Coming into medical school, I knew I had a great deal to learn about sympathy, empathy, and overall compassion. However, lessons learned in the classroom, clinic, and at home showed me how far I needed (and still need) to go in order to attain the level compassion required of a physician.
I didn’t encounter significant adversity growing up: my family was loving, well-off, and I wanted for nothing. My exposure to poverty, addiction, and hopelessness was minimal. My Catholic faith, which has always served me well and on which I will continue to embrace for the rest of my life, spoke volumes about compassion and mercy, but I was too hardheaded to fully embrace the teaching. None of the pain of the world was concrete; it was abstract and far away.
After high school I joined the military and, for the next 14 years, lived in a world where compassion took on a new meaning. In one sense, compassion was a crutch; an emotion reserved for those who were too weak to get the job done or cope with adversity. I fully believed in phrases such as “nobody cares about your pain but you” and “pain is weakness leaving the body”. I also embraced the general concept that the enemy had no regard or compassion for your struggles: all that mattered was who shot who first. Even then I realized that these maxims were inappropriate for civilian life but apt for the corrosive environment that is combat. They enable service members to stay focused on the enemy and fight through adversity. They were necessary parts of military efficiency and mission accomplishment.
Paradoxically, the military also taught me the power of compassion. Showing empathy for civilians stuck in war zones was critical not only to humanizing them in our eyes but also enabling them to trust us (which, in turn, aided in mission accomplishment). Here were people who lived well-below our American poverty line with regards to access to food, water, shelter, health care, technology, and education. Even more importantly, many of these people lived in hopelessness, with neither physical security nor the ability to politically change their future. Sympathy was expressed with military families, particularly those who had a service member killed or wounded. Talk of mission accomplishment and big-picture strategic sacrifice did little to assuage their pain; this took allowing someone to cry on your shoulder.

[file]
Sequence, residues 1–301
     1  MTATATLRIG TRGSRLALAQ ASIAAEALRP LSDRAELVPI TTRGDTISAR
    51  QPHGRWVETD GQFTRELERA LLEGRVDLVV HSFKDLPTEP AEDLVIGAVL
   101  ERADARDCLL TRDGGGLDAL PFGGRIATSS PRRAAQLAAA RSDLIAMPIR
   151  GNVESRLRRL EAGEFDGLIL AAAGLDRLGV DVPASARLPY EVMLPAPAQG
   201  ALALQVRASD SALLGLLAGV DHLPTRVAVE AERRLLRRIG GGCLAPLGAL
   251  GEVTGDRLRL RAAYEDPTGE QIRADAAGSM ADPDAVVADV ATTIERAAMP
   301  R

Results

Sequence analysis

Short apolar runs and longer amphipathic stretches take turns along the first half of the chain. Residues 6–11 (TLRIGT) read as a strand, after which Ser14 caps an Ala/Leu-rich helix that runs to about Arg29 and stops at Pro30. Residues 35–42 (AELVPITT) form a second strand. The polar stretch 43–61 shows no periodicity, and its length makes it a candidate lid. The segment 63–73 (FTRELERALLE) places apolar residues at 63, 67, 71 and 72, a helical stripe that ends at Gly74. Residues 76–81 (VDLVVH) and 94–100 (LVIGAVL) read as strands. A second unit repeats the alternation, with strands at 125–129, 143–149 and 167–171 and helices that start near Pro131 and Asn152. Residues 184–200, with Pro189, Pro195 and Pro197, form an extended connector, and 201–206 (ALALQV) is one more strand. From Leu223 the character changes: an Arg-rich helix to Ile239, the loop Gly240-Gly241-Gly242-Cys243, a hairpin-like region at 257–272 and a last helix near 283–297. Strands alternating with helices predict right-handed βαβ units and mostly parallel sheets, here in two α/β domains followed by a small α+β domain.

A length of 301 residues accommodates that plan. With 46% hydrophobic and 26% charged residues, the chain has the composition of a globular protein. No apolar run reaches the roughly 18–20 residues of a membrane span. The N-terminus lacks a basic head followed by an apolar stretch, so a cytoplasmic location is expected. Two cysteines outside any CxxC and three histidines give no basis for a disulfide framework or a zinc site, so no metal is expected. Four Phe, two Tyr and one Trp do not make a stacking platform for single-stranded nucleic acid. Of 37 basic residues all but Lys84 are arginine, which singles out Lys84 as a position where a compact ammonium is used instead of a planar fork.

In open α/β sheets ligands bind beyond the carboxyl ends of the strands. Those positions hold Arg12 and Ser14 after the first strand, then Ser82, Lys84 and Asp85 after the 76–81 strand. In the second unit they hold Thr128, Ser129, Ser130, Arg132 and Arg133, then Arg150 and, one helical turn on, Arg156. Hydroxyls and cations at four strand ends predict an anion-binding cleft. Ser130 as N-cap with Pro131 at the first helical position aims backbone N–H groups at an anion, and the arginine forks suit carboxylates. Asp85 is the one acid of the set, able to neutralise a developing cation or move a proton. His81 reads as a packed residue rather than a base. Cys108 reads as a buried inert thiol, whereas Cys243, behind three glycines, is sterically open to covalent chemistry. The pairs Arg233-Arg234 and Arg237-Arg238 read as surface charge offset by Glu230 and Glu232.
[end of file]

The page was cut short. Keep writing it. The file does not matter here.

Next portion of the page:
Yet despite these vastly different life experiences, I came to medical school thinking that compassion, sympathy, and empathy were reserved for weaker individuals. I thought that my technical proficiency and ability to ‘cure people’ would be all the emotion I would need to invest in my patients. How wrong I was. What changed me?
1. Learning about the physiological potency of addiction, the unceasing assault of certain pathologies, and the impact of pain on activities of daily living.
2. Seeing patients deal with chronic conditions and desperately wanting to return to some sense of a normal life.
3. Becoming a father and witnessing the fragility and hope of new life.
4. Interacting with my classmates and opening my eyes to new perspectives and philosophies.
Now I know not only how vital compassion, sympathy, and empathy are to healing but that developing these skills is a life-long, rigorous, active pursuit. My life experience, faith, and family provided fertile soil for these traits, but my molding as a physician has truly planted the seeds that will eventually bear fruit. I encourage all who seek medicine as a profession to be open to learning, experiencing, and developing compassion. It is critical to your well-being, development, and most of the all the experience of your patient. It is not contrary or even peripheral to what physicians do, but rather key to mission accomplishment.